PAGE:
Future You podcast transcript

Working with young people: child and adolescent psychology and neuroscience | with Anna Freud

February, 2024

In this episode we take a look at an online distance learning program that brings the latest neuroscience findings of trauma and adversity to the forefront - shining a light on what working with children and young people who have experienced adversity can look like across the globe


In order of first appearance:

  • Emily Slade - podcast producer and host, Prospects
  • Jodie Rawlings - programme director, CAPNiP
  • Vanessa Puetz - programme director, CAPNiP and associate professor at UCL


Emily Slade: Hello and welcome to Future You, the podcast brought to you by graduate careers experts Prospects. I’m your host, Emily Slade and in this episode we take a look at an online distance learning program that brings the latest neuroscience findings of trauma and adversity to the forefront - shining a light on what working with children and young people who have experienced adversity can look like across the globe.

Dr Jodie Rawlings: Hello, my name is Jodie Rawlings. I'm the clinical co director for the CAPNiP program. I'm a clinical psychologist by training and still work part time within the NHS for half my week and spend the rest of the time leading on the CAPNiP program alongside Vanessa, to try and embed clinical practice within the work that we do.

Dr Vanessa Puetz: And hello, so yes, I'm Vanessa Puetz. I'm an associate professor here at University College London. And this is my 11th year at UCL, I started out as a researcher, and now I'm running this program together with Jodie as the academic lead to co lead. So I look after the neuroscientific content. And I also co run another research Masters at the center. We're here today to share a little bit about our exciting and still fairly new and fresh program, the Postgraduate Diploma in child and adolescent psychology and neuroscience in practice, to share a little bit about how the course is structured, what the content is, the decisions we've made in designing the course and how it's been in our first year of implementation.

Emily Slade: Perfect. So would you like to begin by just sort of summing up the program.

Dr Jodie Rawlings: So the postgraduate diploma in child and adolescent psychology and neuroscience in practice, is a distance learning program. So it's completed entirely online, everything is remote. But importantly, when we were designing it, we were thinking about a cohort based online learning experience, we've all learned a lot about what online learning can look like as a result of the pandemic. And what can be great about that, and what can be challenging about that. And we wanted to create something that held on to all the benefits of distance learning around flexibility, accessibility, the kind of capacity to reach a so much of a broader audience than we can do when we're in person. And at the same time, hold on to some of those great bits about being face to face and connected within a learning environment. So connecting our cohort to one another with lots of networking opportunities. The course has five fascinating modules at the moment. And to complete the course, people need to finish four of those modules. And some people can do that full time within the space of one year or part time over two years. Our modules cover a range of topics, a really exciting range of topics, but all really focused on what the most up to date, expertise on psychology and neuroscience with respect to children, adolescents is and we have a particular interest and expertise within the program itself around children who've experienced trauma and adversity, and how that might impact their development, their well being their neurology, their neuroscience and their behavior, and what settings and services working with children, young people might be able to do to support them. And that's a real focus within the program itself.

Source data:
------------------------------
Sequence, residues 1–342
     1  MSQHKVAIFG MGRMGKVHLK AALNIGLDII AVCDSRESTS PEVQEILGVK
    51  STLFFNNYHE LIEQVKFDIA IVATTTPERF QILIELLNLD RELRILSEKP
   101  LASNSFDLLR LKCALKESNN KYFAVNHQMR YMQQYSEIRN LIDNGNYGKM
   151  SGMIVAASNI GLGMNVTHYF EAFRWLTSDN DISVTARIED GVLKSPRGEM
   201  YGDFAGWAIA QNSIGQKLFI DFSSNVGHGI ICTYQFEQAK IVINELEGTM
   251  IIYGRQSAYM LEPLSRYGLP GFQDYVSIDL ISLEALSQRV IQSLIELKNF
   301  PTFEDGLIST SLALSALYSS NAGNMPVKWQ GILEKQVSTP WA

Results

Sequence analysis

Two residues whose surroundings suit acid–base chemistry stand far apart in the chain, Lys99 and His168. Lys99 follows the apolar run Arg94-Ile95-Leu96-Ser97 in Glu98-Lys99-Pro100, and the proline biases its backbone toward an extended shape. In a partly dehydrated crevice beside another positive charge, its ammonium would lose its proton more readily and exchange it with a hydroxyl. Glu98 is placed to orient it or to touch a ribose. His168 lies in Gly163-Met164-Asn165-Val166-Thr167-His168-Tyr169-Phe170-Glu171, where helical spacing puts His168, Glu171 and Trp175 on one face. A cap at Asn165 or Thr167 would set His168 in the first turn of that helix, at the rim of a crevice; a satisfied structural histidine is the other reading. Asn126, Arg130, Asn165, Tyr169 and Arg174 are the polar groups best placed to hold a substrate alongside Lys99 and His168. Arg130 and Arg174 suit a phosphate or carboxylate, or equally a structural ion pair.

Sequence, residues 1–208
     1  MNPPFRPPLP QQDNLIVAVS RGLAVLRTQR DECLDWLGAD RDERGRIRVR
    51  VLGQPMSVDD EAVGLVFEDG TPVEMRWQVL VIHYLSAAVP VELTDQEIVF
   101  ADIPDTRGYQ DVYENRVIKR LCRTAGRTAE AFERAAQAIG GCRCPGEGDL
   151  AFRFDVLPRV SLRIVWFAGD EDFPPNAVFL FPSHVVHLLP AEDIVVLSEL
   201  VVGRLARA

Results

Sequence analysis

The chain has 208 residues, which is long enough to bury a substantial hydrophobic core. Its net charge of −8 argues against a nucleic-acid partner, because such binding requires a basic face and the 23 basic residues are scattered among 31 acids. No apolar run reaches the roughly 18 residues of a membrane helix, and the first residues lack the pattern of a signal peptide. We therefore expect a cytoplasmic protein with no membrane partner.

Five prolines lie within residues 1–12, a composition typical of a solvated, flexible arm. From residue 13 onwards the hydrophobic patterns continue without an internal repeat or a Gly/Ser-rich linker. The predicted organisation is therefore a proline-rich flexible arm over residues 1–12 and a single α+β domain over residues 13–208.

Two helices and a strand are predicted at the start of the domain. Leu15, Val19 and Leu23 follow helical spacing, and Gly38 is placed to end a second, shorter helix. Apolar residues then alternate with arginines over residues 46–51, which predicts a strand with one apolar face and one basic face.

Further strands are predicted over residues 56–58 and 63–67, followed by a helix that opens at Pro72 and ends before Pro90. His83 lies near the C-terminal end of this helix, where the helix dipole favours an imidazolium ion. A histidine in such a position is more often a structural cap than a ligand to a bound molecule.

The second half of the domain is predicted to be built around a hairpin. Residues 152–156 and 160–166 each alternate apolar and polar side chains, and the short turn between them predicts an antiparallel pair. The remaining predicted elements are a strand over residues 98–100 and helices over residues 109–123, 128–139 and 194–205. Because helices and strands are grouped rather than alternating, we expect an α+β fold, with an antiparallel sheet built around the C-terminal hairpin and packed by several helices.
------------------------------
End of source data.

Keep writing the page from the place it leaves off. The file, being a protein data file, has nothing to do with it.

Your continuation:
Emily Slade: Yeah, amazing. Why has it been developed in this way? Like, is there something special about it, that's, that's cutting edge or you're using? You said, you're using the most up to date information. So why has this program specifically been developed?